After secret negotiations, the oil companies settled up their back tax bill for about $300 million, according to a former Federal official familiar with the audit.
Field, a former Treasure Department official, offers this explanation as to why some businesses are more likely to be audited than others.
"Group supervisors have always put their auditors where the return is highest. The oil industry was never much audited because the effective tax rate was low.
Experts Are Needed
"If you have a choice to audit General Motors, with an effective tax rate of say 38 percent, or Exxon Corporation with an effective tax rate of say 8 percent, and you have a shortage of auditors, where do you send your auditors?
"You send them to General Motors, where for every dollar you find, General Motors must pay 38 cents. For every dollar at Exxon you find, Exxon must pay only 8 cents."
Testifying last year before a Senate subcommittee that was studying taxpayer compliance, Ralph Nader, the consumer advocate, offered still another reason why some businesses were not audited, and an example of one of those businesses:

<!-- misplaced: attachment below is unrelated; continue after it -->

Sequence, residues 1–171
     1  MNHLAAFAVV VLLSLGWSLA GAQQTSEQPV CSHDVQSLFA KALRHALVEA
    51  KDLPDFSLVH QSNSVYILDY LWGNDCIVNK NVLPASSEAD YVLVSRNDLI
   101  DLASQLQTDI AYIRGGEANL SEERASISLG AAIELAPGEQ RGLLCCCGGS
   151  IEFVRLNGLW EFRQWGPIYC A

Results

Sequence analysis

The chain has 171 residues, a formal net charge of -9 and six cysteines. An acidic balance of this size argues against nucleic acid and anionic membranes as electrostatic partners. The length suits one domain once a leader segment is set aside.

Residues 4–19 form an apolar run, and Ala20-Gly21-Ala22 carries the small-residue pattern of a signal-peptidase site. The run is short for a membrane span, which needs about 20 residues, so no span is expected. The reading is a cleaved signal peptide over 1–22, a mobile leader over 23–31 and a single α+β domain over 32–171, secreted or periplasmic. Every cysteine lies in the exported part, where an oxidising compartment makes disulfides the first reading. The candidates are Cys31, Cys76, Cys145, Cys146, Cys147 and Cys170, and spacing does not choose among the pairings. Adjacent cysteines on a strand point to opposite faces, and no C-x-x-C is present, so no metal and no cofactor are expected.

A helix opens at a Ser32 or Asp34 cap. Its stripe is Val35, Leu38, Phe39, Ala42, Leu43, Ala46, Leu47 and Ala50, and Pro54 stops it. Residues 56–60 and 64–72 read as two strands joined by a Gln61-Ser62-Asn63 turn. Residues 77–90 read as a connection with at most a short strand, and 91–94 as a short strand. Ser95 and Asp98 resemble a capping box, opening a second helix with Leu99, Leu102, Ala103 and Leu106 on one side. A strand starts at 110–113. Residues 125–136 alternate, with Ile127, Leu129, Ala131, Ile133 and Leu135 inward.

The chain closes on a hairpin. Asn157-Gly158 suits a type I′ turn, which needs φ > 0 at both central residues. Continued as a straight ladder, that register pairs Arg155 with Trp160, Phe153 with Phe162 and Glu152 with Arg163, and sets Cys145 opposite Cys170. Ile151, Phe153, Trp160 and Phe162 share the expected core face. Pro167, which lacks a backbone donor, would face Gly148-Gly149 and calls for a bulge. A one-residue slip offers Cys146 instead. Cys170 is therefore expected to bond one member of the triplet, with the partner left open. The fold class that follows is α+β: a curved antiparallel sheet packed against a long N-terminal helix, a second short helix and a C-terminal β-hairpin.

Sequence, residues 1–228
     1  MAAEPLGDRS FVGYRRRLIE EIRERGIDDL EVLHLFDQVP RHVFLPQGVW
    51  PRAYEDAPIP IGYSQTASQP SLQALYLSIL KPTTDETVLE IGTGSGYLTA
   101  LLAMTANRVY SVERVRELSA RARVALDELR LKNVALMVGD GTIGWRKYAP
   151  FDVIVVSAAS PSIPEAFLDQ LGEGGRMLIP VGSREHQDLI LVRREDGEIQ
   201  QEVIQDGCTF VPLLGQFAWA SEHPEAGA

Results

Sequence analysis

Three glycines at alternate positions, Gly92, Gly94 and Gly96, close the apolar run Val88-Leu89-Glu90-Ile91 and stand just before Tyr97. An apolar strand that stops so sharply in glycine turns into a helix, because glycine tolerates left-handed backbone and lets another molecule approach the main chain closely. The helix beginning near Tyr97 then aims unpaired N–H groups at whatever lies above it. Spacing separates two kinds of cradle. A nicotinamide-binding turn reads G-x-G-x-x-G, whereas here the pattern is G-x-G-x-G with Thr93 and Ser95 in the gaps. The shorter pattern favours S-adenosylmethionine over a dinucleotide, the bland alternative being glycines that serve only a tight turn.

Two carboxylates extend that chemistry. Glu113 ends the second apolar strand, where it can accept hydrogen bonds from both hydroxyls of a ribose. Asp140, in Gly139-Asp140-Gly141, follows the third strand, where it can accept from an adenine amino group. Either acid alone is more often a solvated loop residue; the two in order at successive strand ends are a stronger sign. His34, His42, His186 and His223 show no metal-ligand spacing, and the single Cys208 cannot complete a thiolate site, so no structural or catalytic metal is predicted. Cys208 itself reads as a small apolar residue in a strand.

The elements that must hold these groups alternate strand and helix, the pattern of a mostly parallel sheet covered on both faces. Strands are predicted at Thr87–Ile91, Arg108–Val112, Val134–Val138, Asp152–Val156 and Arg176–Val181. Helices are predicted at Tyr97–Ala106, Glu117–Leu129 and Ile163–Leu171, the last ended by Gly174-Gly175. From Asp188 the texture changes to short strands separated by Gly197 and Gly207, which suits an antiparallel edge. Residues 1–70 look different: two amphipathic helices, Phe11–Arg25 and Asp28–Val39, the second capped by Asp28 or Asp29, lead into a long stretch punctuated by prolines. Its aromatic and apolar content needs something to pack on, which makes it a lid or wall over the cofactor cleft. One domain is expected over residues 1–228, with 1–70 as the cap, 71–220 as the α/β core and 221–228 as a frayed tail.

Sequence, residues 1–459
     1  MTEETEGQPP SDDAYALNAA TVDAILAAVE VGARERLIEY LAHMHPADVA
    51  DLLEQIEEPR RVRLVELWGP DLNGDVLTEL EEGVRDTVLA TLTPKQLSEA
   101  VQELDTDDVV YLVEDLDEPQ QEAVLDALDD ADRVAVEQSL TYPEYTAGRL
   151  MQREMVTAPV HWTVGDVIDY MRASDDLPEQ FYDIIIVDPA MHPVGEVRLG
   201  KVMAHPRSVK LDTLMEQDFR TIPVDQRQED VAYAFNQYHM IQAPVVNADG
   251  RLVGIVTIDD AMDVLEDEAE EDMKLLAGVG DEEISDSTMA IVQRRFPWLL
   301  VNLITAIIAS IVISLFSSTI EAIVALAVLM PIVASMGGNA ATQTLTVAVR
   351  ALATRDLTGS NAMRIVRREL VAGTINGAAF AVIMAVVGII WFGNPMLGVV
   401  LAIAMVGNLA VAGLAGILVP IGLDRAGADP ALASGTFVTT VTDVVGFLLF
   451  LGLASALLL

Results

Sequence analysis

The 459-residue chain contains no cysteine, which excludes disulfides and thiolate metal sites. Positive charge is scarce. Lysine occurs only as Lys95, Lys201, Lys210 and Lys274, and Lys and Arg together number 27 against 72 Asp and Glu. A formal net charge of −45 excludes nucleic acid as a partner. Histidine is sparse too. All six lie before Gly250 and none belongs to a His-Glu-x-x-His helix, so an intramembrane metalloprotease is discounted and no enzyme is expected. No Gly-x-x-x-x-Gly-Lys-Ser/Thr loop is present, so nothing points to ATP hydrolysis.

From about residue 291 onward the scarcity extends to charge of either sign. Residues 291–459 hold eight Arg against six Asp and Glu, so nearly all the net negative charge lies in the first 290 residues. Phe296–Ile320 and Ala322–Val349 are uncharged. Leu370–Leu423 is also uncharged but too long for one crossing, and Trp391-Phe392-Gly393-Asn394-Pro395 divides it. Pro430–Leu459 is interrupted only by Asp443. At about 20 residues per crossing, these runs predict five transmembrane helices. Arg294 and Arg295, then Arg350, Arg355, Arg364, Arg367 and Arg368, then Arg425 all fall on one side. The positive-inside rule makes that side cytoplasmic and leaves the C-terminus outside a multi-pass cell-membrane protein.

"I would venture to say, Mr. Chairman, that in one of the most complex areas of the Internal Revenue Code, the insurance company section, that that section is virtually unenforced. The IRS has almost no technical expertise, such as actuaries and other personnel, allocated to the insurance industry."
Whatever IRS policies may be on corporate audits, it is clear that examination procedures are seriously lagging despite the implementation of a team audit concept several years ago, in which a group of agents are assigned to audit a business.
As one former IRS official explained to The Inquirer: "You have conglomerate operations all over the world. What good are the figures they give to you? We can't go to Indonesia and get their books. We will are not doing thorough examinations."